centralvalley: Yes, I chose 'lodestone' because of the magnetic properties. It seemed more appropriate, since it is the... 'gravity' of 'independent franchised dealerships' that effect the inertial movement of traditional auto manufacturers... Keeping them away from electric vehicles as primary products. Perhaps it is a bit too eclectic a turn of phrase, but I rather like it. ;-)

Model ☰ wrote, "As long as Elon is the boss your option #3. will not happen."


There has been an interesting array of comments so far:

sberman wrote, "So the framework has been established for not necessarily inviting all Model 3s to use the superchargers."

jetstuff wrote, "I'd be pissed if I bought an S60 and paid the 2k for supercharging and gen 3 users get it included for a whole lot less."

J.T. wrote, "Just because something is included doesn't mean it's free."

MarkK wrote, "Pricing objectives with MS are high margins to drive development, whereas with M III it's affordability."

Jolinar wrote, "...Model 3 buyers will be more motivated to charge as much as possible on free SuperCharging to save as much as they can."

It seems the conflict between these statements revolves around the notion of profitability for Tesla Motors.

I would remind you that for this company, profitability is a means to an end. The goal of the company is not profitability in and of itself. It never has been.

The goal of the company is to prove that electric cars can be viable transportation that is affordable, desirable, and compelling for mass production and consumption by the populace at large.

That is to say, it isn't about 'charging what the market can bear'. Most people admit that whatever they paid for their Tesla Model S, they feel as if they got 'a steal' of a deal. They got the future, today, instead of waiting for an always promised 'tomorrow' that never comes from other automobile manufacturers.

I believe Tesla Motors wants to share that same feeling with future owners of the Tesla Model ☰ as well.

The attitude, philosophy, and experience of becoming a Tesla owner for the first time will be shared by all who make the purchase. Tesla Motors is not about exclusivity, but instead about inclusion. Newcomers to the fold will receive the same level of attention, education, and service that the early adopters did, and always will.

While it might make good business sense to offer a Tesla Model ☰ 60 at $34,990 with a paid option for Supercharger access... I don't think that will happen. There will be no subscription services, except perhaps for battery swaps. There will be no pay-by-the-month or pay-by-the-charge options for Supercharger access. It's all about having an experience with electric vehicles that exudes simplicity, convenience, and affordability. That is what will win over the masses.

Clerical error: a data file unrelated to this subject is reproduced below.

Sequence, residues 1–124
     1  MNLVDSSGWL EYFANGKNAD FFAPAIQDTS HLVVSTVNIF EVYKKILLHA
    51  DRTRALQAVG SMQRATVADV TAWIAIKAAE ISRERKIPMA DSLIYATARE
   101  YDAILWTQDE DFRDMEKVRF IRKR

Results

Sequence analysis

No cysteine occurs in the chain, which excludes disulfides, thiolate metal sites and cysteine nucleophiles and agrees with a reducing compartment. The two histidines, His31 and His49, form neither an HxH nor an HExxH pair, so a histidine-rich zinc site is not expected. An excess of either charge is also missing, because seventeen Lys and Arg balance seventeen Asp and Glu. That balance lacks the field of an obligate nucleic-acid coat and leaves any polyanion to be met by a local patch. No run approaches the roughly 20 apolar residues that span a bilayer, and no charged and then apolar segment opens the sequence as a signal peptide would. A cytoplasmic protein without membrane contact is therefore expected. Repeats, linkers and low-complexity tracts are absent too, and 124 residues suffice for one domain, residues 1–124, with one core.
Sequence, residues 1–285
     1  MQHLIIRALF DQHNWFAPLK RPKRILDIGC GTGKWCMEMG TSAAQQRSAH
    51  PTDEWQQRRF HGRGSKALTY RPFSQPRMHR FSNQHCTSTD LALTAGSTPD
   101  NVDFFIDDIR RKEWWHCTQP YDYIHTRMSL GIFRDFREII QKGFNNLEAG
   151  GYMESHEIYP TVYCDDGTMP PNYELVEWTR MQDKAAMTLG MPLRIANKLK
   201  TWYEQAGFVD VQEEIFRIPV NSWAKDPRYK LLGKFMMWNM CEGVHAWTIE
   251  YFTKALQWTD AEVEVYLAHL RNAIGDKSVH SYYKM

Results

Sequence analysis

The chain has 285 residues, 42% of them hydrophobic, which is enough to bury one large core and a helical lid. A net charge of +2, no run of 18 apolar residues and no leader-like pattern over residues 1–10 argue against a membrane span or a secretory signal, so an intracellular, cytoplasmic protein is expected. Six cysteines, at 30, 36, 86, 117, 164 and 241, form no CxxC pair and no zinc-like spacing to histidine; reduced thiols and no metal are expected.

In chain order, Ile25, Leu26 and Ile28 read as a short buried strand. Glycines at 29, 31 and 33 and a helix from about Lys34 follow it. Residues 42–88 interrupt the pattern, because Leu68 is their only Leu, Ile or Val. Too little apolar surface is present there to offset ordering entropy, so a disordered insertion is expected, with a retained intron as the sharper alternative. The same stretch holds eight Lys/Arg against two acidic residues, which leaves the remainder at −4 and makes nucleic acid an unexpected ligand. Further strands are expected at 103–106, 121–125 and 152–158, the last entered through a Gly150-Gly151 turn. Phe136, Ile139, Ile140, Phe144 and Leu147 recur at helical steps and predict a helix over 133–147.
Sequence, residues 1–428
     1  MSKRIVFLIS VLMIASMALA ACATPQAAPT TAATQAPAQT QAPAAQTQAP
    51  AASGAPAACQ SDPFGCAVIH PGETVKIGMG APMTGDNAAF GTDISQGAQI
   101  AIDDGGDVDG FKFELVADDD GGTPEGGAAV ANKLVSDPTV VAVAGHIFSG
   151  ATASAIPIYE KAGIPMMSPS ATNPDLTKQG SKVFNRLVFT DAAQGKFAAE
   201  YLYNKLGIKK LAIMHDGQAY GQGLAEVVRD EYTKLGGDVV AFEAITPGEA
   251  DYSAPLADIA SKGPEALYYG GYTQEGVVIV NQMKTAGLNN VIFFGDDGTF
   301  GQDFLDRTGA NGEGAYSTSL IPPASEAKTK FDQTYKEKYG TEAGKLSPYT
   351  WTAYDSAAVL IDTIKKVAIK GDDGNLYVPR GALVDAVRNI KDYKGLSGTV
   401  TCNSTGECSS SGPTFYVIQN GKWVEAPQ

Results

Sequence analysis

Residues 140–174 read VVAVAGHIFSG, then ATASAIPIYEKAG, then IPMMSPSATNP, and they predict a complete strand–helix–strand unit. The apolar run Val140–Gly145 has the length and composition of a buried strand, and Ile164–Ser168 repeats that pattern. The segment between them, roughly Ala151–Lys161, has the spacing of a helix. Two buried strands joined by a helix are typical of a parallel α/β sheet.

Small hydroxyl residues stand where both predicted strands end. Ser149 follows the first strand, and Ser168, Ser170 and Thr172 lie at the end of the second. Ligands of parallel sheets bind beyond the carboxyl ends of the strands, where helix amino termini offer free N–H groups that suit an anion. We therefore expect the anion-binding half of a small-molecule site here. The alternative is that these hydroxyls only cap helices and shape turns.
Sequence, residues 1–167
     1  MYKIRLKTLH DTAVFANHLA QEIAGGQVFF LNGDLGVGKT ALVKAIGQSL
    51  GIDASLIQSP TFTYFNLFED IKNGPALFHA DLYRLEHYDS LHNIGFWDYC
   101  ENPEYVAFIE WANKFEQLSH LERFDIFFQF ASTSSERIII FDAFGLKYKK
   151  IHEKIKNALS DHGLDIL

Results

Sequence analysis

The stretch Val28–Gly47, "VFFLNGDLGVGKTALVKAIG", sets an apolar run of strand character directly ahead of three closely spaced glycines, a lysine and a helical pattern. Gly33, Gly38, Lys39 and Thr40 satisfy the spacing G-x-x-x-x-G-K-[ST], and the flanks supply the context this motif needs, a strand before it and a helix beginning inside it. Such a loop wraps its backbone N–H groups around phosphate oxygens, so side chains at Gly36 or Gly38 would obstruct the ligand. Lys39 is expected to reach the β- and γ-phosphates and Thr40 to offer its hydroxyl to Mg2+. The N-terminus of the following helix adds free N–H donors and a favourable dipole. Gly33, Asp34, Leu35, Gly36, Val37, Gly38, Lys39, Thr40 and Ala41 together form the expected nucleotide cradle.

I believe that prior to the release of the Model ☰, a mid-season refresh of the Tesla Model S will be unveiled.

  • The Model S 60 will go away.
  • The Model S 85 will be the base version.
  • The Model S P85 will be the mid-range car in the series.
  • An all-new Model S P85+ AWD edition will come to the fore.
  • And a superior Model S P135+ AWD car will appear as the new, top-of-the-line car.

All of these cars will be Supercharger enabled by default, of course. At the same time, the existing owners of Model S 60 will have Supercharging unlocked at no additional charge through a firmware update. From that point forward, all Tesla Motors vehicles will be Supercharger enabled from the outset. The continued expansion of the Supercharger network will be funded almost entirely from profits gained from the Model S and Model X. This will ensure a smooth transition as Model ☰ customers benefit from the success of its predecessor.

At least, that's how it would go if I ran Tesla Motors. Insanity? Perhaps. It's... a strategy.

@Model ☰ | JULY 27, 2014:

"As long as Elon is the boss your option #3. will not happen."

I expect Elon to consider any ethical initiative that's consistent with his goals.
Do you agree?

Do you think my option #3 would be either unethical or inconsistent with Elon's goals?
If so, please explain.

Ron :)

I don't know about his goals, but #3 is inconsistent with what he has actually said. When talking about sharing the Supercharger technology with other car companies, he said it cannot get into a metered system. Other automakers would also have to do it as an upfront price for future permanent use, so that it keeps the simplicity of pull up and plug in.

@ Red Sage

Wow, what a strategy. I like it a lot. It's very optimistic and progressive. And I hope that you are right. But I must say that I am personally a bit more on the conservative side when it comes to make a prediction about battery packs with a higher kWh capacity. I too think that there will be progress on that front, but just with smaller steps. So, I think that Tesla Motors will first announce a 100 kWh battery pack for the Model S and the Model X in 2016, and then a 120 kWh battery pack in 2020. But I really hope that in a few years time it turns out that I was way too conservative and that you were right.